Faculty & Staff

Council for Accreditation of the American Association of Family and Consumer Sciences

Vision 

The School of Human Ecology will provide academically challenging programs that offer flexible learning opportunities, support, and educate generations whose goals are to lead and assist others in having a quality of life via technology, learning community, research and outreach.

Mission          

The School of Human Ecology’s mission is to explore and enhance the human experience through the context of families, nutrition, and merchandising. With a focus on promoting diversity and sustainability in a globalizing and ever-changing world, we endeavor to create competent and engaged professionals, contribute to scholarly research, and partner with and provide services for the community.

Program highlights  

The School of Human Ecology has been an integral part of Louisiana Tech University since the university’s foundation in 1894.  The School’s programs were the first offered in its disciplines in the state.

Currently, The School of Human Ecology houses one graduate program in Nutrition and Dietetics, one graduate certificate program in Dietetics, a post-baccalaureate dietetic internship, and three undergraduate programs: Human Development and Family Science, Fashion Merchandising and Retail Studies, and Nutrition and Dietetics. 

The following data represents enrollment, retention, graduation, and licensing/certification performance indicators for the School of Human Ecology over the most recent five-year reporting periods.

Enrollment

The following table represents the five- year enrollment data for The School of Human Ecology’s current undergraduate and graduate degree programs:

  Fall 2015-16 Fall 2016-17 Fall 2017-18 Fall 2018-19 Fall 2019-20
Human Development and Family Science 139 145 147 132 135
Fashion Merchandising and Retail Studies 39 49 41 32 33
Nutrition and Dietetics – BS 59 73 63 56 65
Nutrition and Dietetics – MS 57 44 38 42 38
Total 294 311 289 262 271

Retention

Over the past five academic years (2014-2019), the overall retention rate for the undergraduate programs in the School of Human Ecology is 91.09 percent.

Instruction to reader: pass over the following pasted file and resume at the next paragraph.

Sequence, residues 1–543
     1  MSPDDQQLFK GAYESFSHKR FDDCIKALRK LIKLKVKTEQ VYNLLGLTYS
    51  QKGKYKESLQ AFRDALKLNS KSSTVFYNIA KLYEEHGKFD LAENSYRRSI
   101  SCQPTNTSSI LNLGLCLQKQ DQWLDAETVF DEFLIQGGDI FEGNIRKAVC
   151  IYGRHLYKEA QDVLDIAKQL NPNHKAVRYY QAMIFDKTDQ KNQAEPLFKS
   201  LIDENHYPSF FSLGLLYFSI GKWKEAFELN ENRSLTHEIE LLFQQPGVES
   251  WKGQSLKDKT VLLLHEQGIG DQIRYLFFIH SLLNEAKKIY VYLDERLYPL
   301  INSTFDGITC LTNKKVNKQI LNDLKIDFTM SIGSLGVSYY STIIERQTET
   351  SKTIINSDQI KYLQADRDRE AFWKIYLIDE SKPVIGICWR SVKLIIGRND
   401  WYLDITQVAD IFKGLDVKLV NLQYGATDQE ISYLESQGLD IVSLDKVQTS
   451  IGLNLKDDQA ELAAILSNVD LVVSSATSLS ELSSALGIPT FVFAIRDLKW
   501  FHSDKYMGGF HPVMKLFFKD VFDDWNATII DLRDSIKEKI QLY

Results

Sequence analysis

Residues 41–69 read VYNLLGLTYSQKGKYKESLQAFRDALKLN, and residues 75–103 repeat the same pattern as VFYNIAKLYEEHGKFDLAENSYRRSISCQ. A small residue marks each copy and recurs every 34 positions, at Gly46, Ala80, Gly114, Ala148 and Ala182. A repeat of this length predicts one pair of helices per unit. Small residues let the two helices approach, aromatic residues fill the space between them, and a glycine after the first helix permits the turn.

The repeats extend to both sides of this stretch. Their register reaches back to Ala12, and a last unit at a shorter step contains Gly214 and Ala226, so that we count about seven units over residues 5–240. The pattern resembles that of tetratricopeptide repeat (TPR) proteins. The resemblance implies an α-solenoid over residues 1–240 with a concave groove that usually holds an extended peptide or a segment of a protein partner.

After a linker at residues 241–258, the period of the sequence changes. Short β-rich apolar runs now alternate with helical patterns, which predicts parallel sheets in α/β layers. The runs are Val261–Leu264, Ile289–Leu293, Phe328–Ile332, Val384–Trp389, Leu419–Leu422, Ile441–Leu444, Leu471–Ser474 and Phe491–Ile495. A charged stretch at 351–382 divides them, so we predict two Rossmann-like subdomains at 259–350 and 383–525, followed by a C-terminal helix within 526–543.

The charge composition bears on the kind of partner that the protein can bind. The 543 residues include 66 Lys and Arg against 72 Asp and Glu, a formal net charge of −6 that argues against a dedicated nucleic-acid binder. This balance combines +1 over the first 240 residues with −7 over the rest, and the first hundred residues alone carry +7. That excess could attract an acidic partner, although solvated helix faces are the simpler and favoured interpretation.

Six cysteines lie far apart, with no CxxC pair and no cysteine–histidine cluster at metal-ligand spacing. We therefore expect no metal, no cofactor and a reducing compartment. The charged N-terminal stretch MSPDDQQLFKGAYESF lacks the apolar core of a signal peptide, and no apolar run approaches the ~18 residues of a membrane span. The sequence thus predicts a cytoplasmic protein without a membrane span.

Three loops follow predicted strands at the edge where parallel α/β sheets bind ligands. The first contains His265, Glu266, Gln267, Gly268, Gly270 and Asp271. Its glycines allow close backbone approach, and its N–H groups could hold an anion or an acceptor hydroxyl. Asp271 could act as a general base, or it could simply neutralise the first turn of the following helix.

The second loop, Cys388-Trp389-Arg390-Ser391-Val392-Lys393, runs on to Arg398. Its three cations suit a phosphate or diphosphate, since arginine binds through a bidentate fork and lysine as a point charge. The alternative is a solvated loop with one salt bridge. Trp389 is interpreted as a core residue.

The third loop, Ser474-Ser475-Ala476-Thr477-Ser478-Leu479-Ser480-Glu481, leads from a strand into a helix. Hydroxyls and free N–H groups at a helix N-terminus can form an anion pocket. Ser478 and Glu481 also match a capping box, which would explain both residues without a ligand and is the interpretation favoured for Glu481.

Academic year Total undergraduate enrollment Student attrition Retention rate
2014-15 235 30 87.23%
2015-16 237 19 91.9%
2016-17 267 18 93.26%
2017-18 251 31 87.65%
2018-19 250 21 95.41%
Five-year totals 1240 119 91.09%

Years to graduation

  Total graduates Students graduating in less than four years Students graduating in four years Students graduating in 4.25-5 years Students graduating in 5.25-6 years Students graduating in more than six years Average years to graduation 
2014-15 graduates 44 6 (13.6%) 26 (59.1%) 9 (20.5%) 3 (6.8%) 0 4.1
2015-16 graduates 45 20 (44%) 2 (4.4%) 16 (35.5%) 7 (15.5%) 1 (2.2%) 5.3
2016-17 graduates 78 39 (49.4%) 27 (34.2%) 12 (15.2%) 0 0 (1.2%) 3.68
2017-18 graduates 79 51 (64.5%) 16 (20.2%) 12 (15.1%) 0 2 (2%) 3.79
2018-19 graduates 73 58 (81%) 9 (12%) 6 (8%) 0    
Five-year totals 319 174 (42%) 80 (30%) 55 (21%) 10 (5%) 5 (2%) 4.2

Licensing, certifications, and credentialing

The School of Human Ecology houses a Didactic Program in Dietetics (DPD) as well as a Dietetic Internship (DI).

  • In 2019, five DPD students applied to dietetic internships with five being accepted. This acceptance rate is 100% and is above the national average (63%)
  • Over the past five years (2014-18), the DPD program has had 39 students take the RD exam with 37 passing (94.9%)
  • In the past five years (2014- 2018), the Dietetic Internship (DI) program has had 75 students take the RD exam with 75 passing (100% pass rate)

The School of Human Ecology also houses a Human Development and Family Science Program. Although the national organizations do not release test results data, graduates are eligible to pursue the following certifications:

  • Certified Child Life Specialist (Human Development and Family Science graduates with concentrations in Child Life)
  • Certified Family Life Educator (Human Development and Family Science graduates with concentration in Family Science)